Ultimate Gift

“Feel free to dream, then act on it.”

This life journey drama center on a man’s recent inheritance from his grandfather, Red Stevens, played by James Garner (Maverick, The Notebook). Drew Fuller (Army Wives, Charmed television series) stars as this “lucky” man named Jason who finds new values as well as real friends. Bill Cobb (The Bodyguard) plays the lawyer who executes Red‘s final wishes, which initiates the uneven, but admirable plot.

Rising star Abigal Breslin (Little Miss Sunshine) steals the show in a key role as Emily who Jason first meets at a park along with a love interest played by Ali Hillis (Must Love Dogs). Emily boldly prods Jason’s personality and elements of his past, which surprises at first, then audiences understand more as the plot progresses. Jason‘s stereotypical family has many greedy clichés along the simple, slower pace of Jason‘s actions. His journey help map out the theme of this heartwarming experience. Brian Dennehy (Cocoon, Presumed Innocent) also stars as Gus and Lee Meriworth (Barnaby Jones) stars as Miss Hastings.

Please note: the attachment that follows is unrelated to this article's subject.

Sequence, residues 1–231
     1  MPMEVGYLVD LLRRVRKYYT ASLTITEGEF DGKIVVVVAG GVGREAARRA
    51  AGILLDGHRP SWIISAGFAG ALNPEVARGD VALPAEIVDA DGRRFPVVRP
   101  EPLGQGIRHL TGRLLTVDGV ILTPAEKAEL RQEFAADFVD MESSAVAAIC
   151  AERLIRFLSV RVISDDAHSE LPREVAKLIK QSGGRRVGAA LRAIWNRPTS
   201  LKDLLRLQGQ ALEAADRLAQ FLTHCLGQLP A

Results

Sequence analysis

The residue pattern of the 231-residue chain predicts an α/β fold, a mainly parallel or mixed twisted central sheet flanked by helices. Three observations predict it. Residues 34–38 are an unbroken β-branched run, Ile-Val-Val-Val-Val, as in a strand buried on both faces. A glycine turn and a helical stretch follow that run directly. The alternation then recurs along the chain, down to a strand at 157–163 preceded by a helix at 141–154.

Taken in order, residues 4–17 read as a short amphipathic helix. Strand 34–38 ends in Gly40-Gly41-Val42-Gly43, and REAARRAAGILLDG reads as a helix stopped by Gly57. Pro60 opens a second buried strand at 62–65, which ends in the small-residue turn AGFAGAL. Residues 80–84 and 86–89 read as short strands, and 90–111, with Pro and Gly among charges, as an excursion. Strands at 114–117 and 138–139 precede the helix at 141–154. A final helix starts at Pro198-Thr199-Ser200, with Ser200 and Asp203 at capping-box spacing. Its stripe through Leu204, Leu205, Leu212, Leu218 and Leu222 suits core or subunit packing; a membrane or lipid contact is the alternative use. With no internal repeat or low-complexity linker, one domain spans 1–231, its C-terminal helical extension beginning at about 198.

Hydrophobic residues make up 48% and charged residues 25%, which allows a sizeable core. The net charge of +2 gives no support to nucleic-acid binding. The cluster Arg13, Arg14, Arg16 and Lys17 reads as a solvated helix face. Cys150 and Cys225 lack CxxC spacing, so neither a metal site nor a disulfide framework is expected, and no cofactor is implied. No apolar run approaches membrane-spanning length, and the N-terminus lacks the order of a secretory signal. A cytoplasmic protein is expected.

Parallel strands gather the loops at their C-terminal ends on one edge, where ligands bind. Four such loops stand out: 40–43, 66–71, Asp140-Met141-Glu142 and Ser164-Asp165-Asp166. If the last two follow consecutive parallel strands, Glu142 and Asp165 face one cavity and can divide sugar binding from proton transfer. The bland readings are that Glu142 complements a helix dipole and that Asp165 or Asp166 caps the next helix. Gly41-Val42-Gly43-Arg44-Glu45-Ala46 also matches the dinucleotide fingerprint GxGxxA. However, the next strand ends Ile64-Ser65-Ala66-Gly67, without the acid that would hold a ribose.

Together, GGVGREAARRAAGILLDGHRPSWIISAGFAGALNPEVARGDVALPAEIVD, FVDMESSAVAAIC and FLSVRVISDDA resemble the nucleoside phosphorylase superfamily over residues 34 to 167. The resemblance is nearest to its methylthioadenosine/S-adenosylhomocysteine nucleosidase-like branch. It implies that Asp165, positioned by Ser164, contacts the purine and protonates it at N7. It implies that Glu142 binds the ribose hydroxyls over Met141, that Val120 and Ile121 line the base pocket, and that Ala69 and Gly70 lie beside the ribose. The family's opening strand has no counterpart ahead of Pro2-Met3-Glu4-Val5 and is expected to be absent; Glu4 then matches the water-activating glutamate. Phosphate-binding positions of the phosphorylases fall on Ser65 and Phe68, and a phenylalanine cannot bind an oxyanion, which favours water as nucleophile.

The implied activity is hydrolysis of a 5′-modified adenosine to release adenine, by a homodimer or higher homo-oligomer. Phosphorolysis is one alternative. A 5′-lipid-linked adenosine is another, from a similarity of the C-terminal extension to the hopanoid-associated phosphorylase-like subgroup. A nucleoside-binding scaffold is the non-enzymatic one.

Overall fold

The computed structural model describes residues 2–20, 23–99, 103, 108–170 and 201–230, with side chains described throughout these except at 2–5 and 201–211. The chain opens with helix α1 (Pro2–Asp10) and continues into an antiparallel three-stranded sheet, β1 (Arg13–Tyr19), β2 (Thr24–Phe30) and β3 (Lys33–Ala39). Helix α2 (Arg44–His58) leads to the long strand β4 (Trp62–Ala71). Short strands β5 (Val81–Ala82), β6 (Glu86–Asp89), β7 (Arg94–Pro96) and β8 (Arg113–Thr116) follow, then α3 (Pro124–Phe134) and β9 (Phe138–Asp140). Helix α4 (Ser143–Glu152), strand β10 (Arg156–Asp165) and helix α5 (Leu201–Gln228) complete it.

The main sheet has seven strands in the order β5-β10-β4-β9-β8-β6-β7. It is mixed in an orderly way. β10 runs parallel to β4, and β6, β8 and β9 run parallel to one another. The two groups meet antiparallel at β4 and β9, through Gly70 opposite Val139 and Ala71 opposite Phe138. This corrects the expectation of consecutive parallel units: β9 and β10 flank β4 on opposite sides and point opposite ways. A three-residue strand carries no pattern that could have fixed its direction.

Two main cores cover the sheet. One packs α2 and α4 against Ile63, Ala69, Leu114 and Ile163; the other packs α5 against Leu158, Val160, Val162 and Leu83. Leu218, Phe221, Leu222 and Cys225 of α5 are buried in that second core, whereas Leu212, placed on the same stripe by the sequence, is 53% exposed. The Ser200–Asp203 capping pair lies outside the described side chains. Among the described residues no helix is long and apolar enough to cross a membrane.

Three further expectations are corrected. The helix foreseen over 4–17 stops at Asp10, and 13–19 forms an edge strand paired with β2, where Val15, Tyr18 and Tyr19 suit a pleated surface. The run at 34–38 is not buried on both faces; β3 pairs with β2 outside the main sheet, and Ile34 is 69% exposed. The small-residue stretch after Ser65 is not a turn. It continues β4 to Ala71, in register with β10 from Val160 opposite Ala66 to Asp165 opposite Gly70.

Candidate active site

Red’s lessons helps Jason become a better person – a solid and admirable theme that other films like Pay It Forward never really fully realized. This film doesn’t over step the dramatics either. For example, filmmakers quickly show a subject in a hospital without several close-ups and dramatic music. This subtle technique lends a calm, caring connection to the character and Jason who progresses further as their friendship grows.

The fairly predictable plot (except for the last third) could use some work on the transitions, but get each important life lesson across (the summarizing ending credits help you remember again). The overall stress level is low because Jason can be his own worst enemy along the way. Director Michael O. Saibel (One Night With the King) helms this film, based on the Jim Stovall book. The great soundtrack includes Bob Dylan’s “Gotta Save Somebody.” Recommended (**1/2 out of four stars) and rated PG for thematic elements, some violence and mild language.

Copyright © Michael Siebenaler

This entry was posted in 2000s Film Reviews, Film Reviews and tagged , , , , . Bookmark the permalink.

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